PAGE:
Thursday, April 17, 2014

Climate Costs ‘May Prove Much Higher’

A house being raised against future storm surges. Costs of defending against and adapting to various climatic changes could be vastly underestimated, according to new research. (Credit: Paul Goyette/flickr) Click to enlarge.
Economists and scientists may have seriously underestimated the “social cost” of carbon emissions to future generations, according to a warning in Nature.

Social cost is a calculation in US dollars of the future damage that might be done by the emission of one metric ton of carbon dioxide as greenhouse gas levels soar and climates change, sea levels rise and temperature records are broken in future decades.

How much would society save if it didn’t emit that tonne of CO2?  One recent US estimate is $37.  Such a measure helps civil servants, businessmen and ministers to calculate the impact of steps that might be taken.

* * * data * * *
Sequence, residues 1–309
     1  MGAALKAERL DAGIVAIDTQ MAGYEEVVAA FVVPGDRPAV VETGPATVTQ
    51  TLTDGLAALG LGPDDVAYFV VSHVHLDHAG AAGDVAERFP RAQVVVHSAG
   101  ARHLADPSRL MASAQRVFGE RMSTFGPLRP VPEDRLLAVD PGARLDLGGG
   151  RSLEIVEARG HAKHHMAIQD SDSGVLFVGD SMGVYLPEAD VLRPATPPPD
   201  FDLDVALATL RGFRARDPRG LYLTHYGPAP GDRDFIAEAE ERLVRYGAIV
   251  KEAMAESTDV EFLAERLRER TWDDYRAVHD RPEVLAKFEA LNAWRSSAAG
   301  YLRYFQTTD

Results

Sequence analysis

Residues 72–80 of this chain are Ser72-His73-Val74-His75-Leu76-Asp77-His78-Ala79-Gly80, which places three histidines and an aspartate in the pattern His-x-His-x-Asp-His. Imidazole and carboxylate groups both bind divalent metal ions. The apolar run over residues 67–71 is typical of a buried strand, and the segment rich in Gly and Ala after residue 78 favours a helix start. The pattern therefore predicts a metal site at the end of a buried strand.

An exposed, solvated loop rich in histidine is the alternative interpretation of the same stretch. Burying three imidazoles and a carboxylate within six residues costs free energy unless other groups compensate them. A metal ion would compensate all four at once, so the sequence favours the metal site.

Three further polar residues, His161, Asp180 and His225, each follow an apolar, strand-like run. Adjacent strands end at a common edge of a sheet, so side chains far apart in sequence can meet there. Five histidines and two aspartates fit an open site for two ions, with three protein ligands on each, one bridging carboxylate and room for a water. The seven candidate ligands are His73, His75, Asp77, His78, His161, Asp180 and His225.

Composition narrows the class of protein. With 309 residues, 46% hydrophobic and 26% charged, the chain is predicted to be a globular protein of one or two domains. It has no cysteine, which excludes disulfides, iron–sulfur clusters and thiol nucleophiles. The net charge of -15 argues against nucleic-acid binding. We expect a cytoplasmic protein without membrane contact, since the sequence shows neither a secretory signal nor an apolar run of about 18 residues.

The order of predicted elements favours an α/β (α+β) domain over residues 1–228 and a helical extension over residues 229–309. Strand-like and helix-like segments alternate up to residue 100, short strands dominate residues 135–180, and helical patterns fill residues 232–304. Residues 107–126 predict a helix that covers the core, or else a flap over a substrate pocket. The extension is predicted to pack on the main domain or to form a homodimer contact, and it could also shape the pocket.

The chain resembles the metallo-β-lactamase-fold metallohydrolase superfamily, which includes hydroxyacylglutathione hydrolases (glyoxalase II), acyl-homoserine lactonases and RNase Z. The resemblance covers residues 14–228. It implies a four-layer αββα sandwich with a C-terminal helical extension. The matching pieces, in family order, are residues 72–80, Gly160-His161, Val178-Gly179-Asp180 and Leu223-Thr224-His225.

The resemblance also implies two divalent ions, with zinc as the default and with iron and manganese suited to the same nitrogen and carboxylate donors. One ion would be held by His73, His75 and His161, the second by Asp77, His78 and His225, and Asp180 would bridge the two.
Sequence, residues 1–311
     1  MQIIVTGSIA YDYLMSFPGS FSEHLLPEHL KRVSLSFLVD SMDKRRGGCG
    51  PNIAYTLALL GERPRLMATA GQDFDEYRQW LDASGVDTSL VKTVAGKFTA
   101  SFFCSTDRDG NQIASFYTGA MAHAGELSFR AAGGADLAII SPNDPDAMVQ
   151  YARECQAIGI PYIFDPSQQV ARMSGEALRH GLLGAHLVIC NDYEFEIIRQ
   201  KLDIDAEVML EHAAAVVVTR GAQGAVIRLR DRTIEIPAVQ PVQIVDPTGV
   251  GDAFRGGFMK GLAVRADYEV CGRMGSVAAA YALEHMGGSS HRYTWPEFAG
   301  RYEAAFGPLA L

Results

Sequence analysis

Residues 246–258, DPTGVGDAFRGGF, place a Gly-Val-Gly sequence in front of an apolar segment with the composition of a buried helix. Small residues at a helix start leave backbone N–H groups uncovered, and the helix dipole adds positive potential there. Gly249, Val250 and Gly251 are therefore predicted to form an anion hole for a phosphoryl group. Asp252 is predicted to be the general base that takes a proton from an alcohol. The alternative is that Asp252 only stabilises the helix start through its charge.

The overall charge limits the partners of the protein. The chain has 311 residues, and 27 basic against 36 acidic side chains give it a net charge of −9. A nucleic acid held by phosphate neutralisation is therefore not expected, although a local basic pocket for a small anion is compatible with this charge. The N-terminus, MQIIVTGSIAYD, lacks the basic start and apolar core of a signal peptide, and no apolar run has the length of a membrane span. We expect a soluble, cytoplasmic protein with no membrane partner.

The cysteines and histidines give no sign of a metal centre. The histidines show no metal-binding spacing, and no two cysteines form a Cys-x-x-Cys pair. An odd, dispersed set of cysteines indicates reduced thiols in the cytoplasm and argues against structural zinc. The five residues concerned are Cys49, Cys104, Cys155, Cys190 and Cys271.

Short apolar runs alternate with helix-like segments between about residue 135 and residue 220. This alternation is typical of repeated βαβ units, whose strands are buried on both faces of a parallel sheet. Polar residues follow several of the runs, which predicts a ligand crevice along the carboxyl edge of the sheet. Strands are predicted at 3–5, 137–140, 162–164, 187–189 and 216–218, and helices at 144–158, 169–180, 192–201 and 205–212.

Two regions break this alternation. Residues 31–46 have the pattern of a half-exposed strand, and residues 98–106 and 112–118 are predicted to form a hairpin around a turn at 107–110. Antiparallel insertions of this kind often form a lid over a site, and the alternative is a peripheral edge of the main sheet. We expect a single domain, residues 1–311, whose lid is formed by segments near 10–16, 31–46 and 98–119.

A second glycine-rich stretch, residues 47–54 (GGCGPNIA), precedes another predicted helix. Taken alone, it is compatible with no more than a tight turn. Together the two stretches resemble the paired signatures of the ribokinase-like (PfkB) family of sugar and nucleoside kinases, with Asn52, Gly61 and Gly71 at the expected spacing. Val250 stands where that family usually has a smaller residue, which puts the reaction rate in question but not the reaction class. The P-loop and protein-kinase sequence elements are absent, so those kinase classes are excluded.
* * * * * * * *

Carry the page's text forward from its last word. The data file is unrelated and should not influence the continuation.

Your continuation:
On the other hand, say Richard Revesz of New York University School of Law and US and Swedish colleagues, assumptions of cost per tonne – and these range from $12 to $64 according to various calculations – are based on models that need to be improved and extended.  The cost of climate change could be higher, for three principal reasons.
  • Flawed assumptions
  • More warming.
  • More methane.
Climate Costs ‘May Prove Much Higher’

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